Policy responses for Belarus - HSRM

Belarus


Policy responses for Belarus

6. Measures in other sectors

6.1 Measures in other sectors

Many MEASURES IN OTHER SECTORS beyond the immediate scope of the health system are being taken to prevent further spread of the virus. This section contains information on many of these areas, including border and travel restrictions and economic and fiscal measures, among others.

The first re-opening measures became effective in mid-June: The national airline Belavia resumed some international flights, restrictions on transit truckers were lifted, and self-isolation rules for travelers returning from many European countries were cancelled. In order to facilitate travel abroad, the Ministry of Health has developed a certificate of the absence of COVID-19 and is identifying clinics where the certificate and a test can be obtained for a fee.

Borders
The borders have remained open throughout, but foreigners in Belarus can extend their visas to 90 days if necessary and there is scope for extensions beyond this if required. On the 20 May, The State Border Committee, together with the International Organization for Migration (IOM) in Belarus, the IOM Development Fund, and the EU, launched an information campaign for people entering Belarus. Border guards will issue brochures with information about COVID-19, recommendations regarding the spread of the virus, and rules of conduct during self-isolation in Russian and English.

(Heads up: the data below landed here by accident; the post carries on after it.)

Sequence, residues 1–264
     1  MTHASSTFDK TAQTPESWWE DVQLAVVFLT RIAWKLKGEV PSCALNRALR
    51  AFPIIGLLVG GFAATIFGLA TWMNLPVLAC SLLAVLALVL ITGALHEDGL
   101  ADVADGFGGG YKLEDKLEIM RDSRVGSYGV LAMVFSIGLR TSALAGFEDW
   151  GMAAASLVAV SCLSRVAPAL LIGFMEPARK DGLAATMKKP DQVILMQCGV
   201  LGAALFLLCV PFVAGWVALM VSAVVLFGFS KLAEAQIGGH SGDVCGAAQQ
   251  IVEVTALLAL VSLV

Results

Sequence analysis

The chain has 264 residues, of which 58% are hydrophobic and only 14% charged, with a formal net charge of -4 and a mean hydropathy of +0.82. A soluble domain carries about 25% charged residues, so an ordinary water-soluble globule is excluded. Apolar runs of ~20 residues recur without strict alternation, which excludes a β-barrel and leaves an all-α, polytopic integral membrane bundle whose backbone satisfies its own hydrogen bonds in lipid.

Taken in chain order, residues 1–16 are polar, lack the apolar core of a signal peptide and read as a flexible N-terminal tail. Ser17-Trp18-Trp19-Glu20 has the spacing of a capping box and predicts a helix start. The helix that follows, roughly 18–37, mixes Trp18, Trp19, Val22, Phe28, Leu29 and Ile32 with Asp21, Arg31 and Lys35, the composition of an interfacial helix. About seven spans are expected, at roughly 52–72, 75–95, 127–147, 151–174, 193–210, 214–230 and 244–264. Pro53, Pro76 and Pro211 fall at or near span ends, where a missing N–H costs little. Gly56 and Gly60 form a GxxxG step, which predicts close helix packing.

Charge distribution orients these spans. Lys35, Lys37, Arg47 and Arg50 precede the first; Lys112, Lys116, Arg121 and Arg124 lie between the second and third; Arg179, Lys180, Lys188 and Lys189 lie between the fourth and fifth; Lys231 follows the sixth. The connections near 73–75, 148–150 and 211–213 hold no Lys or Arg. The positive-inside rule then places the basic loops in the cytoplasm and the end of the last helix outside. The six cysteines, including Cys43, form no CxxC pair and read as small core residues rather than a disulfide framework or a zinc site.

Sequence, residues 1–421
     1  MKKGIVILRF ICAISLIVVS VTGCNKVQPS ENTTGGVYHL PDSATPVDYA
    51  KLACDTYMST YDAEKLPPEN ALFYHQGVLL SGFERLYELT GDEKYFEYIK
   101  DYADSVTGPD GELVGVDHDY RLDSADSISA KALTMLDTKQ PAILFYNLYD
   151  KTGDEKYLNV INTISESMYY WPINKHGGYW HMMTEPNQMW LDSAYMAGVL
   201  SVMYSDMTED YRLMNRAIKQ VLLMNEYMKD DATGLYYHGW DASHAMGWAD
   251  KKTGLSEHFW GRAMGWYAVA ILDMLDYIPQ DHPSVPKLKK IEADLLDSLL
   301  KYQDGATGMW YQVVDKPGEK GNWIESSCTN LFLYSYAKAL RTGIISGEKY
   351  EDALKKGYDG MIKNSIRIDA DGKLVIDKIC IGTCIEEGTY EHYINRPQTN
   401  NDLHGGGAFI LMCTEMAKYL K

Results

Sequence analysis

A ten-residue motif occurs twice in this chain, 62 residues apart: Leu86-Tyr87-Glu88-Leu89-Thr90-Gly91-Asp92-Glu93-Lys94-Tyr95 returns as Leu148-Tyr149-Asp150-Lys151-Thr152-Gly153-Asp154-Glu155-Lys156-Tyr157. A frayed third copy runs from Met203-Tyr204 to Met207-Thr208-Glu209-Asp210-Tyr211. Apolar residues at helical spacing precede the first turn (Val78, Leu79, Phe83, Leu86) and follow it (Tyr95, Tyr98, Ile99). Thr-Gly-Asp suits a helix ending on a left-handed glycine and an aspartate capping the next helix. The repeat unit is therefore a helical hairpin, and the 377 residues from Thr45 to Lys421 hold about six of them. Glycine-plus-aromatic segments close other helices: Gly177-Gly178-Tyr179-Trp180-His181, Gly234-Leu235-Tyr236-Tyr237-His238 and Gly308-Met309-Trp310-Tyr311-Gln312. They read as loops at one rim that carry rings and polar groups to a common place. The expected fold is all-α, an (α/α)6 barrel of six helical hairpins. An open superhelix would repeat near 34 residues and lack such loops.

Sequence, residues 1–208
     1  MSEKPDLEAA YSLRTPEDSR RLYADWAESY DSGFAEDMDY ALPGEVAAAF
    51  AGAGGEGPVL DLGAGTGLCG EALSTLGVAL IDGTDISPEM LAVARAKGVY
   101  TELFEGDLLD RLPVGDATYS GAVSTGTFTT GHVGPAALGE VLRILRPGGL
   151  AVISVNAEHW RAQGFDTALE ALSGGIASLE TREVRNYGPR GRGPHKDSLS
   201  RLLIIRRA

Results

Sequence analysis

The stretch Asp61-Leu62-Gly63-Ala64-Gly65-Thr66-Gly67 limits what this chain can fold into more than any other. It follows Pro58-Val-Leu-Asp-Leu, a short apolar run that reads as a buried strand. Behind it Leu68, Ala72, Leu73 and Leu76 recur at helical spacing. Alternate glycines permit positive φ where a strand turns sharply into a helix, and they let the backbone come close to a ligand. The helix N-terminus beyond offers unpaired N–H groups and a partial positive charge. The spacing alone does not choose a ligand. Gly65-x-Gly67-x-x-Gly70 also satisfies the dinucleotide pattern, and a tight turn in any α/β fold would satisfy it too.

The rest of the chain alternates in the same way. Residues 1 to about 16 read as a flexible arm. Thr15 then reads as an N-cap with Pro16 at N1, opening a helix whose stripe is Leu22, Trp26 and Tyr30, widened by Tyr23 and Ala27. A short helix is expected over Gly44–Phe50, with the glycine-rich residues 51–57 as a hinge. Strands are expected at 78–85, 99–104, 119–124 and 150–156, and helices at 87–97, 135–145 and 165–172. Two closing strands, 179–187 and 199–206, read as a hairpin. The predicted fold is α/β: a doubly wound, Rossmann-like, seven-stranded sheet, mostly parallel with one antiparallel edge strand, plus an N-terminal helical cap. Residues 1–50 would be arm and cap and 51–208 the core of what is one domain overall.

Temperature screening measures are in place at Minsk National Airport and all land border control points. Double thermal screening is conducted at Minsk airport. The first thermal screening is done inside the airplane, while the second is conducted inside the airport building.
  
Economy
With regards to the economic implications of COVID-19, reduced foreign trade and investment is expected to impact on the local economy regardless of whether other restrictive measures are approved at the national level. These could have negative impacts on economic actors and the welfare of citizens and vulnerable groups.